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Lombard divorce attorneysWhen a couple is getting divorced in Illinois, the law provides that all of the couple’s marital property should be divided in a manner that is fair and just. To determine a “fair and just” allocation of assets, the court will take many factors into account, including each spouse’s age, health, and employability, as well as their contributions to the marital estate. The court must also consider any claims made by either spouse against the other regarding dissipation of marital assets.

What Is Dissipation?

The Illinois Supreme Court established a definition for dissipation as “the use of marital property for the sole benefit of one of the spouses for a purpose unrelated to the marriage at a time that the marriage is undergoing an irretrievable breakdown.” Over the years, the state legislature has alternated between including and excluding non-marital property in its definition of dissipation. The most recent version of the law provides that only marital property can be dissipated.

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Lombard guardianship lawyersIf you wish to be the primary caregiver of a friend or family member who is unable to care for themselves, one option which you have available in Illinois is guardianship. Guardianship can be granted by a judge to help an adult who cannot make general life decisions on his or her own. Guardian responsibilities are categorized into two groups: financial/estate responsibilities and personal responsibilities. In Illinois, there can be separate guardians for a person and their estate or the same person can look after the disabled individual’s personal needs and make estate decisions.

Guardian Qualifications

In order to become a person’s legal guardian, you must be at least 18 years old, not legally disabled, a United States resident, cognitively capable of caring for another, and free from certain prior felony convictions. If the disabled person in question wishes for you to become his or her guardian, such wishes will be considered by the court, but the court is not obligated to approve you as a guardian.

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Posted on in Divorce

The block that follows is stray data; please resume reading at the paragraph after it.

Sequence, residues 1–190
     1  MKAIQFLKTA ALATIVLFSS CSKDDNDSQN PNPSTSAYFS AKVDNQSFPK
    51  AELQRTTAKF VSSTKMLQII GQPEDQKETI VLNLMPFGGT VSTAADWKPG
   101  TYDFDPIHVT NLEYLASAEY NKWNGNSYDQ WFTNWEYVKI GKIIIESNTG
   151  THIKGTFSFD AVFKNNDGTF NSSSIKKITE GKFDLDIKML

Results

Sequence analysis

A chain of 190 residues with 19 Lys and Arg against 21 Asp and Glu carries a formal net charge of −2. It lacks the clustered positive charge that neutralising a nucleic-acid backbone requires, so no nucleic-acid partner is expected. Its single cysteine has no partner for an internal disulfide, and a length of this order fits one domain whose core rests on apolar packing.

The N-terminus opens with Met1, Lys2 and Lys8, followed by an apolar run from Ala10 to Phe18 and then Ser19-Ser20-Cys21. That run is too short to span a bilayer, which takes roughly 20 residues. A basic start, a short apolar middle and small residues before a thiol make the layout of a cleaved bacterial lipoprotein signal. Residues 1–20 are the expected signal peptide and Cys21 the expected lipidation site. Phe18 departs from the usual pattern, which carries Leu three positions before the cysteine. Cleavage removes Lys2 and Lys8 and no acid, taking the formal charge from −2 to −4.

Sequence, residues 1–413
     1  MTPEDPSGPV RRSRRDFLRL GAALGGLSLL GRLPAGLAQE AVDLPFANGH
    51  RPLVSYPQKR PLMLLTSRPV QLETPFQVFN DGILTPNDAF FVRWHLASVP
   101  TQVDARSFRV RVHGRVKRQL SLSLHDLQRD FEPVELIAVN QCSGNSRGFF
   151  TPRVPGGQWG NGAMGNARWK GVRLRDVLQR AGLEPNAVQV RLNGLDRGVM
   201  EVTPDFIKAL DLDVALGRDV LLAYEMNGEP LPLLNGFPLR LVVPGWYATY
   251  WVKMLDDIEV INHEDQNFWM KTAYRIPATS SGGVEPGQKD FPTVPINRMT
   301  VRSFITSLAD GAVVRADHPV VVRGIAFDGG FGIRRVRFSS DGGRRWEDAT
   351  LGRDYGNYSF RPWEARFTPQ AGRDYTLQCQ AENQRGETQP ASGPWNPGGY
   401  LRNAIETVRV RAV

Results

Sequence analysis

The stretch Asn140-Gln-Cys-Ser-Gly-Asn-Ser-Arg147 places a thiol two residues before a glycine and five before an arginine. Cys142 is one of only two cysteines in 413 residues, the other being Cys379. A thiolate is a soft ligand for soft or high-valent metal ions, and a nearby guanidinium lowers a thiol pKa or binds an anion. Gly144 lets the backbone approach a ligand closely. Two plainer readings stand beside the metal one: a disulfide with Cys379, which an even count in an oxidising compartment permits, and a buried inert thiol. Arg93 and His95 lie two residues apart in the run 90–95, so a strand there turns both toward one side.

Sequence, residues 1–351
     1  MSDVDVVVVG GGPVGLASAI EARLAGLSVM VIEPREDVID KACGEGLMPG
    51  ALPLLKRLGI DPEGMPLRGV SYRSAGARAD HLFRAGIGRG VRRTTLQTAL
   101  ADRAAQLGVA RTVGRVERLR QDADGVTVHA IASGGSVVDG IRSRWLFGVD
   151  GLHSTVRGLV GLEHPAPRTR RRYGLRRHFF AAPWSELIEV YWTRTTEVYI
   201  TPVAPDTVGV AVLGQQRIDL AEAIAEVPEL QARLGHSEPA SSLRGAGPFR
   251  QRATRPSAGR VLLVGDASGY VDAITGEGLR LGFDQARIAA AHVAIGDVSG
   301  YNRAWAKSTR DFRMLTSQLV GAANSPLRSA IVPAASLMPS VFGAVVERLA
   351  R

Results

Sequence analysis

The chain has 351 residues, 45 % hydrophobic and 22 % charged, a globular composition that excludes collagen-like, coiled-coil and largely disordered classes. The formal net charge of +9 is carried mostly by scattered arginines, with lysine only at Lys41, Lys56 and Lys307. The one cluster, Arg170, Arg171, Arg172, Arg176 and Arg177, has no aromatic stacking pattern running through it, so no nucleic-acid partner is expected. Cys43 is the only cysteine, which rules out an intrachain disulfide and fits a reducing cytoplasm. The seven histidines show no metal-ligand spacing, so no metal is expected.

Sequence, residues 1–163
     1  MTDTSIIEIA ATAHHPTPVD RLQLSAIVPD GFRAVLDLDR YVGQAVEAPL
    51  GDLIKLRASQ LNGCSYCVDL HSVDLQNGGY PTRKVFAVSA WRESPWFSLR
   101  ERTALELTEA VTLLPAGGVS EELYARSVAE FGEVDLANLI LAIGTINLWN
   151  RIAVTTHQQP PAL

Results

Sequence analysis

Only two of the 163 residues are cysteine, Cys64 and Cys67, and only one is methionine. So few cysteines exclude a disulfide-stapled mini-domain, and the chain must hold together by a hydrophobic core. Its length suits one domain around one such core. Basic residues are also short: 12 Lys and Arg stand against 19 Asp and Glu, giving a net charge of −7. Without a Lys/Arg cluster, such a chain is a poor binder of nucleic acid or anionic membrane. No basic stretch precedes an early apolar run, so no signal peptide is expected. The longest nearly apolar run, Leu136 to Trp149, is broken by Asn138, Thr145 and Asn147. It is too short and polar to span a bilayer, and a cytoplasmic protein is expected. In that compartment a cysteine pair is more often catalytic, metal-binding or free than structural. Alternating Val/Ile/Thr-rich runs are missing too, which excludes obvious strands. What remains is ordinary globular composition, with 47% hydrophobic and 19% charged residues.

DuPage County divorce attorneysDivorce is a tough process for anyone. After all, no one gets married with the intent to someday divorce. Women sometimes experience different challenges during divorce than men do. There is no perfect way to end your marriage, but there are some things you can do to minimize your stress and help the process go more smoothly.

Take Care of Your Needs

Women often put other’s wants before their own. Wives and mothers are sometimes so busy looking after others that they rarely stop to think about their own needs. According to the Holmes-Rahe Stress Inventory, getting divorced is the second-most stressful life even a person can experience. Only the death of a spouse is considered to be a more stressful life event. During this time, it is important to charge your emotional battery. Whether that means going to the spa, out to lunch with friends, or sitting in your own backyard with a good book, do not be afraid to take time to de-stress while your divorce is ongoing.

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Lombard family law attorneyIf you are a parent who is getting divorced or planning to, you are probably concerned about how you and your soon-to-be-ex-spouse will raise your children. If you plan on raising the kids together through a shared parenting scenario, you should know that there are some unique methods of co-parenting which have helped many families. These growing trends offer an alternative to traditional post-divorce living situations.

Nesting Arrangements